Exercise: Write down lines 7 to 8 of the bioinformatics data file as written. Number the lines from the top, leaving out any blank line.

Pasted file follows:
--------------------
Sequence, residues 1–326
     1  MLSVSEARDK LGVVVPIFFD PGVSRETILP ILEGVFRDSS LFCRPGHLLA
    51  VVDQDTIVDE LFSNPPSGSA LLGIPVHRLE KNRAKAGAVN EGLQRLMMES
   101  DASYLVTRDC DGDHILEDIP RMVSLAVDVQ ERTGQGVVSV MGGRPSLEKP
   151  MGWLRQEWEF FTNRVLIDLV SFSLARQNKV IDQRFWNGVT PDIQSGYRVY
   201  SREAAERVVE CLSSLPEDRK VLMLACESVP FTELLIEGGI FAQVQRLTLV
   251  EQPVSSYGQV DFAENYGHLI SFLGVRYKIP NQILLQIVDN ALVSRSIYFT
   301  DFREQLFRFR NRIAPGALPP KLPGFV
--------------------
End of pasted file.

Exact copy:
   251  EQPVSSYGQV DFAENYGHLI SFLGVRYKIP NQILLQIVDN ALVSRSIYFT
   301  DFREQLFRFR NRIAPGALPP KLPGFV